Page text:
Tuesday, April 18, 2006

Outbound training

Business Standard has a piece on the rising trend of outbound training which uses an offsite to teach team building, trust and such. It is known as Experiential Learning (EL).

More and more companies in India are incorporating EL modules in their executive training programmes, acknowledging the superiority of this way over conventional methods of teaching several critical life skills.

Outbound training is far better than being cooped up in a room and getting fed on theoretical concepts. My personal experience has been that outbounds make for great team bonding especially when you want a new team to gel together or even incorporate some concepts into a team in a fun sort of way. Combine an office outing with some good learning as well.

Of course, the setting of outbound management development programmes (OMDPs)helps. People are pushed out of their comfort zone into a world they don’t encounter everyday — frothing rapids, sheer rock faces to rapel and, at times, no running water and electricity.

Another advantage of EL is that participants pay attention, not only because there are safety factors involved but also because it is fun.

Granted, EL gives you a high, but how long does the rush last? Can it survive being back in your cubicle, feeling the heat of approaching deadlines? Most management trainers recommend drafting a clear action plan after an exercise in EL, for both the individual and the team. And the plan needs to be reviewed in six-eight weeks.

EL is good money for training companies and resorts and far tougher to organize than regular trainings. The setting makes it impossible that participants doze off during training - something that can happen very soon in a room.

What was once a novelty, is now commonplace among Indian companies. Once you go to a couple of ELs, you begin to think if its the novelty that makes it fun or the learnings (and I have a feeling it is more of the former than the latter). At times though, the fact that you are at an offsite often overrides a lot of other learnings, unless it is reinforced through briefing, de-briefing sessions and refresher courses too.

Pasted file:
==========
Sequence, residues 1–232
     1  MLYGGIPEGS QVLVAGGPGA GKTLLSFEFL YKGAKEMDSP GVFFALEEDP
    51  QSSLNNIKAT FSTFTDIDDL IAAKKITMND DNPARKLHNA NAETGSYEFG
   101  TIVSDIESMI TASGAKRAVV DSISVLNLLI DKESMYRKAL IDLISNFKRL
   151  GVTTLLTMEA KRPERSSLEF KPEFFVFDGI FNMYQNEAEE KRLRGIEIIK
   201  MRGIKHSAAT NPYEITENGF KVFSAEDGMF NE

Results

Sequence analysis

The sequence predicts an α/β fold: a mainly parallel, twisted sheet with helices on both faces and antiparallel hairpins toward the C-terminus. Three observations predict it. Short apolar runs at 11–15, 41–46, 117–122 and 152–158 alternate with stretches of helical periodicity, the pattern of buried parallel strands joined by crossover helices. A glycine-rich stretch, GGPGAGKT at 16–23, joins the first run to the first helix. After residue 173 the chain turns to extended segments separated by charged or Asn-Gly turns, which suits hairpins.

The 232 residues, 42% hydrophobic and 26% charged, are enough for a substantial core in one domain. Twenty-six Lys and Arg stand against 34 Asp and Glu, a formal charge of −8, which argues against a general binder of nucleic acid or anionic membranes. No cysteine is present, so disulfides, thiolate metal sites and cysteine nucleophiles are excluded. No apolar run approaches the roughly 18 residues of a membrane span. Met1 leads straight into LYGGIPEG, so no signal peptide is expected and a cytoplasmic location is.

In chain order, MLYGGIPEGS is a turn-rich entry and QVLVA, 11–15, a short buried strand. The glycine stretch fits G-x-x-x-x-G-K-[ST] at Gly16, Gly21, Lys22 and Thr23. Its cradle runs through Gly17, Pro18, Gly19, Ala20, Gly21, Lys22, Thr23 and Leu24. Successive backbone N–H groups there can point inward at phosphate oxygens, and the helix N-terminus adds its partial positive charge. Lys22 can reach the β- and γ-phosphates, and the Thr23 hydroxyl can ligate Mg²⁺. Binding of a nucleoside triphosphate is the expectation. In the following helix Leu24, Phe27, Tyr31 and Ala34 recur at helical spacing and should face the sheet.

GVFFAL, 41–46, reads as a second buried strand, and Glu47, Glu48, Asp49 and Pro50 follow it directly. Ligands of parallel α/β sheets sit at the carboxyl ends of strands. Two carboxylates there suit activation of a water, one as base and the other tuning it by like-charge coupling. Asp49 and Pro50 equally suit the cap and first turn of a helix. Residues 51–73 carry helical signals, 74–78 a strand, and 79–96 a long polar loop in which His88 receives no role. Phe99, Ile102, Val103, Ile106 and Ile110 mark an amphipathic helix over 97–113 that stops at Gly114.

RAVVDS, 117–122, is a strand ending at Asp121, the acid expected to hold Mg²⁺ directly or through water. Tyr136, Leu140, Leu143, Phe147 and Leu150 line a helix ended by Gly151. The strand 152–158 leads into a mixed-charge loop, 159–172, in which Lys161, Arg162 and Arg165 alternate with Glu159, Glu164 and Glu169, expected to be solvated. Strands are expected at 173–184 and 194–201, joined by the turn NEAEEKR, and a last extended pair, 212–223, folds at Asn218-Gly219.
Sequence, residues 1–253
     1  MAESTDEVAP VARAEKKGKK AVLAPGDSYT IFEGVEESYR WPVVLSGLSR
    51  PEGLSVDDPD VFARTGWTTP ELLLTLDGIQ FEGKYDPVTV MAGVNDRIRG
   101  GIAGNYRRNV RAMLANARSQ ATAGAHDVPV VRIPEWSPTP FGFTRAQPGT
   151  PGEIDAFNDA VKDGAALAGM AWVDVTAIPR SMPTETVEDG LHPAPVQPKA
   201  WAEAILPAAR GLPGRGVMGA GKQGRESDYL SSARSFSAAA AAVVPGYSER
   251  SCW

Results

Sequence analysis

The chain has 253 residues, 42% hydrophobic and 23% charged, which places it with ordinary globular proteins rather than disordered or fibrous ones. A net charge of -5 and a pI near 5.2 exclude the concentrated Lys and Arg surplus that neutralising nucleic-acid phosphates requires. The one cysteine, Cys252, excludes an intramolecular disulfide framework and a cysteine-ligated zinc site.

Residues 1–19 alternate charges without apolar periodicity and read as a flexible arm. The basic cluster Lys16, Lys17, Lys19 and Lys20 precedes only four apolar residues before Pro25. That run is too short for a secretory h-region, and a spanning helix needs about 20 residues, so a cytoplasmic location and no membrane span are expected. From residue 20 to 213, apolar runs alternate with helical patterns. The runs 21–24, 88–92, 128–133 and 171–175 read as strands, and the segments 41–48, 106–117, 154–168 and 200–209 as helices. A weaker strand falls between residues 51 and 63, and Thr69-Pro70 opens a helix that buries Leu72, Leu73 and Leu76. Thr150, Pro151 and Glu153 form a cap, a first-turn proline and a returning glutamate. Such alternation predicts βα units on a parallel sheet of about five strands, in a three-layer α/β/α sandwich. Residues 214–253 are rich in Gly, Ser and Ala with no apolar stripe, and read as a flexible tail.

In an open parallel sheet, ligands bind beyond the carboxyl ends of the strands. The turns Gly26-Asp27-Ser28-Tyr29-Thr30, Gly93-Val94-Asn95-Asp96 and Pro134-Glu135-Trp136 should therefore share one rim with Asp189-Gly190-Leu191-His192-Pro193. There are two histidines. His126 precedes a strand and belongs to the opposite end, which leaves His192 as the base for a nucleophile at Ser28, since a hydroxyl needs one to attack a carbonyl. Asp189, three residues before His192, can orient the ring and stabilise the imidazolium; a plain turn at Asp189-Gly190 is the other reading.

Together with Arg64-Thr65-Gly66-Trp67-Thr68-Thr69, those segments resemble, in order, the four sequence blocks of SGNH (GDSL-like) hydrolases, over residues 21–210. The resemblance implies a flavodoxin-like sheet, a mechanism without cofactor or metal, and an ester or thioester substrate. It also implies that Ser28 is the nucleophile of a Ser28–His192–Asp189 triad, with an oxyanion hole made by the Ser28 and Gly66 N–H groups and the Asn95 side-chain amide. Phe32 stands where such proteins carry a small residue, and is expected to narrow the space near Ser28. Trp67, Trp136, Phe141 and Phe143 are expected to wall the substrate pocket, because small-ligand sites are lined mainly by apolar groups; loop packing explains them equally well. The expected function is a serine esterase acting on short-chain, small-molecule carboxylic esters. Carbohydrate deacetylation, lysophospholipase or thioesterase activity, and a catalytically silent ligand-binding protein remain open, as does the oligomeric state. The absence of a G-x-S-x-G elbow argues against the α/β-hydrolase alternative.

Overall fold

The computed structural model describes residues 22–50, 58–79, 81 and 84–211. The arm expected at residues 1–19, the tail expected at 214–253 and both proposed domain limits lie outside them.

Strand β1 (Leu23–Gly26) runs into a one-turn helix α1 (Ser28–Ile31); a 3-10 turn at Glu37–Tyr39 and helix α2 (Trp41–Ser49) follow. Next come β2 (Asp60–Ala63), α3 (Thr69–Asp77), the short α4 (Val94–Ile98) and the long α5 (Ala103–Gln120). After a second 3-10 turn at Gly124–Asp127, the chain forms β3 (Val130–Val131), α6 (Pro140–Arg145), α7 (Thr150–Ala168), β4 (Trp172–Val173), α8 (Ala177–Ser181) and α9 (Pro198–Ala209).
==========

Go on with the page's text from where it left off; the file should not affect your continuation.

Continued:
NC said...

I have fond experiences of outward bound trainings. Being in Gujarat one was unable to drink to heart's content due to prohibition.

Outward bound trainings were one excuse to hop over to the neighbouring Diu, Daman, Mount Abu etc. and have real great fun. Of course and good training as well.

Vidyut Kale said...

You raise a point that echoes in me often.

I have experienced that OBTs that are clear from the word go that this is training intended as an Organizational Development Intervention, regardless of how much fun it is, tends to be more effective by keeping the agenda in focus.

In my experience, many OBT trainers themselves lost focus on the agenda, which doesn't help matters.

I am a facilitator myself, and I find that certain things help me design effective training:

1. Deciding on specific goals and their measures rather than a vague "team building" - example: 50% of the participants are new recruits. We need cohesiveness in the team and a method for communication that respects both experience and fresh blood. OR We are planning a new venture. We need participant perspectives to be in alignment with those of the organization - like any other training, OBTs have specific purposes. OBT is a medium, not the training programme.

2. Measures of effectiveness: Deciding on what we call effectiveness BEFORE the programme helps participants and consultant work toward it. Hindsight has a tendency to whitewash everything, because no one likes to settle on a negative feedback when abiguity provides wriggle room.

3. Follow up: I would say, the game plan to put into action can evolve in the closure of the OBT without needing to wait for returning - this way, the mood, the consultant, the insights are all fresh and available to be engaged.

Ramesh Singh said...

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